Singapore Deputy Prime Minister Tharman Shanmugaratnam at the SGInnovation launch event
Charles Babbage was an English inventor, a man who approached innovation from the perspective of a mathematician. There were certain rules governing technology, and Babbage was excellent at optimising the guidelines of math.
Ava Lovelace was the child of a poet, a mathematician in her own right who was able to see the potential of Babbage’s analytical engine, finding potential Babbage himself could not see.
The two brought different, complementary, skills to science and technology and together (in the 19th century) they laid the first brick along the road towards modern computing.
This was the anecdote used by Steve Leonard as he officially opened the doors to SGInnovate, a deep-tech focused collaboration centre he will run as Founding CEO.
“Singapore has the capability to do anything it wants, but we need to do be good at working together, and asking ‘what if?'” he said during the launch event.
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SGInnovate is built on the idea that ‘proximity breeds innovation’ and is wholly owned by the Singapore government — under the purview of the National Research Foundation.
To help explain, some of the partners at SGInnovate are Entrepreneur First (a pre-seed investment programme focussed on technical talent), the Intellectual Property Office of Singapore (IPOS, a statutory board under the ministry of law) and four of the city’s universities.
The thinking goes as such: Let’s say one of the Entrepreneur First companies has built a product and wants to take it public. At SGInnovate, they would have relatively easy access to ensuring their legal paperwork is in order (IPOS) and could visit National University of Singapore to get mentorship — all without leaving the building.
The key focus for SGInnovate will be on ‘deep-tech’ — a term used to describe technology innovations that are truly unique breakthroughs. The industries it will focus on will be digital health, financial services, smart energy, digital manufacturing, transportation, artificial intelligence, and robotics.
The opening ceremony was officiated by Tharman Shanmugaratnam, Singapore’s Deputy Prime Minister & Coordinating Minister for Economic and Social Policies.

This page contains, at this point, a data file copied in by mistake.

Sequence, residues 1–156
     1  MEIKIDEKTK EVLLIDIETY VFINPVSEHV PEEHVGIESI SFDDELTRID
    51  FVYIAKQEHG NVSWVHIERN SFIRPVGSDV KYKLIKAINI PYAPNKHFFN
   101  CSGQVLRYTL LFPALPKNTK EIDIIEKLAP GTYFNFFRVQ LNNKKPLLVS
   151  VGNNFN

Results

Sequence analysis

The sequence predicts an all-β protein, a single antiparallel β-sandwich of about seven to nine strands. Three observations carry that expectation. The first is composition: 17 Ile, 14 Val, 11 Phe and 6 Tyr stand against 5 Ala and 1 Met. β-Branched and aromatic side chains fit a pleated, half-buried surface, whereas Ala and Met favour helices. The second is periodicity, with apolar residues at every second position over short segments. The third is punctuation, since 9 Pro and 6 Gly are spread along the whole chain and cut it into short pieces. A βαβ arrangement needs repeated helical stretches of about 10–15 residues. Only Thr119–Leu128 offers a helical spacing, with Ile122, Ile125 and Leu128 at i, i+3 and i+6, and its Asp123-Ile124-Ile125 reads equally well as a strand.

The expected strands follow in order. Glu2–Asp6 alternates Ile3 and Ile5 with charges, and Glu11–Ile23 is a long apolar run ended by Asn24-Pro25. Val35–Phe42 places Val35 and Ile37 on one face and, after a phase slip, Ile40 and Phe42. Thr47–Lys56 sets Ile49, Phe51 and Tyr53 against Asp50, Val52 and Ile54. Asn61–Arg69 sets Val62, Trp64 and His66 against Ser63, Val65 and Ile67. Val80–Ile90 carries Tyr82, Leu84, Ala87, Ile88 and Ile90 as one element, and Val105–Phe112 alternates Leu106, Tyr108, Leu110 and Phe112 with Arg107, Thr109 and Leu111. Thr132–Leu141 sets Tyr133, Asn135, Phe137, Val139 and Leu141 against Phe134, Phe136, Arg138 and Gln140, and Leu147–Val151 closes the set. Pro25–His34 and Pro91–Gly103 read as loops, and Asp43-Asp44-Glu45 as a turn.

His speech was both optimistic and realistic — pointing to Singapore as a small country that punches above its weight, but recognising the city has not reached its full potential and needs energy and interaction to create a spark.
“We cannot ensure success in innovation. We cannot plan it to the last detail, because innovation is an inherently uncertain business,” he said.
“But neither is it a purely random process. We know that there are some things that we can do to make the ground fertile, so that seeds have a better chance of sprouting up and eventually growing into a dense grove of trees.”
Shanmugaratnam pointed to the international recognition Singapore has received as a global leader in research, and highlighted the startup ecosystem that has become one of the best in Southeast Asia.
However, he also pointed out that patent output in Singapore is relatively low, not enough VCs invest in alumni of Singaporean research labs, and startups often localise business models that have proven to work elsewhere.
He called SGInnovate a “significant step towards strengthening those networks, especially between researchers, start-ups and VCs.”
One example is a ‘co-working space’ called 32CS, which does not fall into the typical definition of a co-working space. 32CS is a curator, and will bring together people from various domains not just to work in the same building, but to actively interact with one another.
“32CS will be a focal point for interaction between deep-tech scientists, engineers and entrepreneurs in various domains and financiers,” said Shanmugaratnam.
After elaborating on some details of 32CS (such as housing engineers from the AI company NVIDIA) Shanmugaratnam added:
“Second, SGInnovate will strengthen the linkages across talented individuals within the ecosystem and develop a local cadre of mentors to promising startups.”
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Understanding the partners and stakeholders in SGInnovate helps provide an idea of the deep-tech focus and how it hopes the melting pot of educators, private sector and government agencies can create that ‘spark’.
The partners are as follows:
- Entrepreneur First (pre-seed funding programme focussed on technical talent)
- IPOS (the intellectual property board under the Ministry of Law)
- McLaren Applied Technologies (technology-focussed private corporation)
- National University of Singapore
- National Technological University of Singapore
- NVIDIA (a NASDAQ-listed AI company)
- Silicon Solution Partners (eco-infrastructure and mentorship support organisation)
- Singapore-MIT Alliance for Research and Technology (a research enterprise partnership between MIT and the NRF)
- Singapore Institute of Technology
- Singapore University of Technology and Design
SGInnovate plans to apply lessons learnt from the Infocomm Investments-run co-working space called BASH.